Dictionary of Art and Artists


that Changed the World


  Lascaux Caves Manesse illuminated Massys Callot Friedrich Picasso
  Tutankhamen's tomb Lorenzetti Grunewald Rembrandt Constable Matisse
  Europa and Minotaur Karlstein Castle Baldung Claude Lorrain Delacroix Marc
  Banquet Tomb Limbourg brothers Altdorfer Velazquez Turner Kandinsky
  Pompeii Van Eyck Cranach Vermeer Ingres Monet
  Birth of Christianity Della Francesca Holbein Rigaud Manet Chirico
  Hagia Sophia Uccello Titian Watteau Burne-Jones Modigliani
  Book of Kells Mantegna Bruegel Canaletto Seurat Chagall
  St Benedict Botticelli Vicentino Boucher Van Gogh Kahlo
  Bayeux Tapestry Anonymous Arcimboldo Fragonard Toulouse-Lautrec Dali
  Donizo manuscript Durer El Greco Gainsborough Munch Ernst
  Liber Scivias Bosch Theodore de Bry John Trumbull Cezanne Hopper
  Carmina Burana Da Vinci Caravaggio David Gauguin Bacon
  Falcon Book Michelangelo Rubens Gros Degas Warhol
  Giotto Raphael Brouwer Goya Klimt  

From Lascaux to Warhol

Supreme art is a traditional statement of certain heroic and religious truth,
passed on from age to age, modified by individual genius,
but never abandoned.

William Butler Yeats




Give Yourself Body and Heart to Me

Henry VIII and his wives



If you would be a true loyal mistress and friend and give yourself body and heart to me, who will be, and has been, your most loyal servant (if your hardness does not forbid it), I promise you not only that the name will be yours by right, but also that I will take you for my only mistress, casting all others out of my thoughts and affections, and serving only you.

King Henry VIII of England, in a letter to Anne Boleyn, c. 1527/28


Fate and fortune: Henry VIII's six wives

Catherine of Aragon (unknown artis), Anne Boleyn (unknown artist) and Jane Seymour (Hans Holbein the Younger)

Anne of Cleves (Hans Holbein the Younger), Catherine Howard (Hans Holbein the Younger) and Catherne Parr (unknown artis)


Posterity has not thought highly of him.

Swiss historian Jacob Burkhardt called him a "clown and devil alike". Charles Dickens found him an unbearably bloodthirsty and swaggering bully, a fat, ruthless blot on the map of British history. King Henry VIII of England still epitomizes cruelty, gluttony and lust. During the thirty-seven years of his reign, some 70,000 people were sentenced to death and executed. Even his most distinguished English contemporary, the great Humanist and writer Sir Thomas More, who was his Lord Chancellor, was charged with high treason, dying a martyr under the executioner's axe.

The king's great girth is often attested to by historians. As a young man, Henry was good-looking and athletically built, to a Venetian observer "... the handsomest potentate I ever set eyes on. He is much handsomer than any sovereign in Christendom". By the end of his life, Henry was so corpulent he could hardly walk. The portrait of 1539/40 by the Court Painter to the English Court, Hans Holbein the Younger, a native of Augsburg, shows that the king was already quite portly. Only a few years after it was painted, it took four gentlemen of the bedchamber and a block and tackle to hoist Henry VIII into bed. Amorous escapades were now out of the question, though he probably had had more than enough of those anyway. Married six times, he became more notorious for his marriages than for any other reason. Not that Henry VIII, in his youth an excellent dancer and a witty raconteur, was the only Casanova in history to grace, or disgrace, a throne. History has known far worse characters.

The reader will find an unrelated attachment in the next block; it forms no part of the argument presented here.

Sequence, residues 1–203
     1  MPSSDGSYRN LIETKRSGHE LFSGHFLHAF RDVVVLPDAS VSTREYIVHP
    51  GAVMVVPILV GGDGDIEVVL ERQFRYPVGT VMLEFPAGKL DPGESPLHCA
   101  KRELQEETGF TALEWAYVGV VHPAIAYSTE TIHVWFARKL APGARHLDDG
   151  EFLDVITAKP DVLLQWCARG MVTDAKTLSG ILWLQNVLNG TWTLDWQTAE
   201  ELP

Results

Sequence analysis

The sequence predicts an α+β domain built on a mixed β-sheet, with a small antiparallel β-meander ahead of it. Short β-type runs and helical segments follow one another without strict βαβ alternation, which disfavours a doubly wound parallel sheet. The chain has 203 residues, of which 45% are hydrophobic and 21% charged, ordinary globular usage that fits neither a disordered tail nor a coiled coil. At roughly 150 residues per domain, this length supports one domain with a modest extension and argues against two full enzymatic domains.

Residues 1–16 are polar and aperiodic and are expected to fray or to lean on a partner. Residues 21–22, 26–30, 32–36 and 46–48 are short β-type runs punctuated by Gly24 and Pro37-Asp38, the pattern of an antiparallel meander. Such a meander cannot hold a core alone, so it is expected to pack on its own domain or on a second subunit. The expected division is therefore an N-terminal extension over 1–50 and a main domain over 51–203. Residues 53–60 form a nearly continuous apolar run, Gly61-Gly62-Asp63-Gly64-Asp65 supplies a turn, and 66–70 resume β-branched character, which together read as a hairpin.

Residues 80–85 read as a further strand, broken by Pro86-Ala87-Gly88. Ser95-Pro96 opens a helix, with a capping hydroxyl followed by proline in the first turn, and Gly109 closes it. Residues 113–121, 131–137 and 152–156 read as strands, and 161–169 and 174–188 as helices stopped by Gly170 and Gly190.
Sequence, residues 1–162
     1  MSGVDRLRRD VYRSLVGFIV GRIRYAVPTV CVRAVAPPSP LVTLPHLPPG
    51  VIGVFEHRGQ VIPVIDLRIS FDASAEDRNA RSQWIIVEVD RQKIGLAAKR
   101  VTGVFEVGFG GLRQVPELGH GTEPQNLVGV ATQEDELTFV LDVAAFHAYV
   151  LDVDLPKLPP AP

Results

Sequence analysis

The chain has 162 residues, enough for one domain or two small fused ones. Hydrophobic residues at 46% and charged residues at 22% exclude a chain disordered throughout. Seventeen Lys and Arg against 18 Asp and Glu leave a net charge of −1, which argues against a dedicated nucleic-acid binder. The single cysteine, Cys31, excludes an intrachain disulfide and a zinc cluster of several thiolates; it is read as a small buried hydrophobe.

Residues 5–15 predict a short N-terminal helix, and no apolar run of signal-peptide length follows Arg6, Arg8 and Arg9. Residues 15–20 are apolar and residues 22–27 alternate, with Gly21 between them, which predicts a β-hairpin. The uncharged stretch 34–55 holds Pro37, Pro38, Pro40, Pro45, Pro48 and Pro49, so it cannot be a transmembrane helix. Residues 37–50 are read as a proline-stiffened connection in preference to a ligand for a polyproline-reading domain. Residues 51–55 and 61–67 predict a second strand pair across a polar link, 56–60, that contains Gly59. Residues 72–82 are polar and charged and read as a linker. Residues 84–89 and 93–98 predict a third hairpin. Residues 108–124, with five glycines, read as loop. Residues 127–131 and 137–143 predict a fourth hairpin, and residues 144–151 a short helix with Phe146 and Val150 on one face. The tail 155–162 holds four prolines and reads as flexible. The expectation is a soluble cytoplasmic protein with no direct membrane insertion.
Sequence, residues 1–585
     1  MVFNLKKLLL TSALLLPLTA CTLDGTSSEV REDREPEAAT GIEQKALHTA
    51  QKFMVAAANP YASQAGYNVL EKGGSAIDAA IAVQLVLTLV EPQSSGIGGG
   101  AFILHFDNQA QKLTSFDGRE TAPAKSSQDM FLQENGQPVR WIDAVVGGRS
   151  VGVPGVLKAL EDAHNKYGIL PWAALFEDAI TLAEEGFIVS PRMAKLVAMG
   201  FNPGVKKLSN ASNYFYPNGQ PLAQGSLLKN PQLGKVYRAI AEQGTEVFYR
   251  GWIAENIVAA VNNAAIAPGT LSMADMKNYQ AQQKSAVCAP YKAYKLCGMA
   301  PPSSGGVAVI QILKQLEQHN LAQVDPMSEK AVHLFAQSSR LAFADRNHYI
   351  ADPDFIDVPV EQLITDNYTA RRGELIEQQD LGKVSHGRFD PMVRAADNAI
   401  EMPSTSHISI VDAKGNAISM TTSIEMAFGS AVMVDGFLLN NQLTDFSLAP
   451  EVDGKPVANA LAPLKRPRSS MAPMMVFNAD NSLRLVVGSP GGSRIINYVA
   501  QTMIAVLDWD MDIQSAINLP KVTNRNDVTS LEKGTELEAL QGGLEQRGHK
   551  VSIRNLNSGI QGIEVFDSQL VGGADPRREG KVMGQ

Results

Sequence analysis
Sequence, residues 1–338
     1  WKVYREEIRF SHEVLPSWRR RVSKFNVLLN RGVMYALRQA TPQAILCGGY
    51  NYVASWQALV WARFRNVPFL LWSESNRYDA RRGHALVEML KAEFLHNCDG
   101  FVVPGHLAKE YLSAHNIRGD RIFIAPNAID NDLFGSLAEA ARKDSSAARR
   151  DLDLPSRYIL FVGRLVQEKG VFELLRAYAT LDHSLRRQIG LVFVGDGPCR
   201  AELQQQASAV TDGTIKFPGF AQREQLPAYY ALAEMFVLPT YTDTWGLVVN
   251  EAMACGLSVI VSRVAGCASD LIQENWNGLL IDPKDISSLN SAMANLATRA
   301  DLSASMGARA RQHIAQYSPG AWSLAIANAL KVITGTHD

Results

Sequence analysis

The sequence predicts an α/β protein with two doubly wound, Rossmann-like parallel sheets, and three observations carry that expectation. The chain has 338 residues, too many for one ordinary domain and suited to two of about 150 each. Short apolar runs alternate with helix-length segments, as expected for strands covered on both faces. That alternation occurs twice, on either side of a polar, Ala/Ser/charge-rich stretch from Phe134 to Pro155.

Three of Henry's marriages ended harmlessly, or at least conventionally. His third wife died in childbirth; his fourth marriage ended in divorce and his sixth wife survived him.

What makes Henry VIII such a fascinating villain is the brutal way he rid himself of his other three wives. Because the Pope refused to annul his first marriage, Henry broke with the Church of Rome although he was a practising Catholic. He founded the Anglican Church, made himself sovereign head of it and declared his marriage vows null and void, which enabled him to marry Anne Boleyn without having to worry about Papal interference. Anne Boleyn, like his fifth wife, was executed in the Tower of London by the king's order. Both ladies were accused of having been unfaithful to their lord and sovereign. The truth is, Anne Boleyn was beheaded because Henry had fallen in love with another woman, whom he wanted to marry. The charge of infidelity may have been true in Catherine Howard's case. Only twenty when she married the king, she may well have been bored by the marriage. At forty-nine, he had bags under his eyes and was fat, surely not a man to die for.

Hans Holbein the Younger
(1497/98 — 1543)
Henry VIII
Galleria Nazionale d'Arre Antica, Rome


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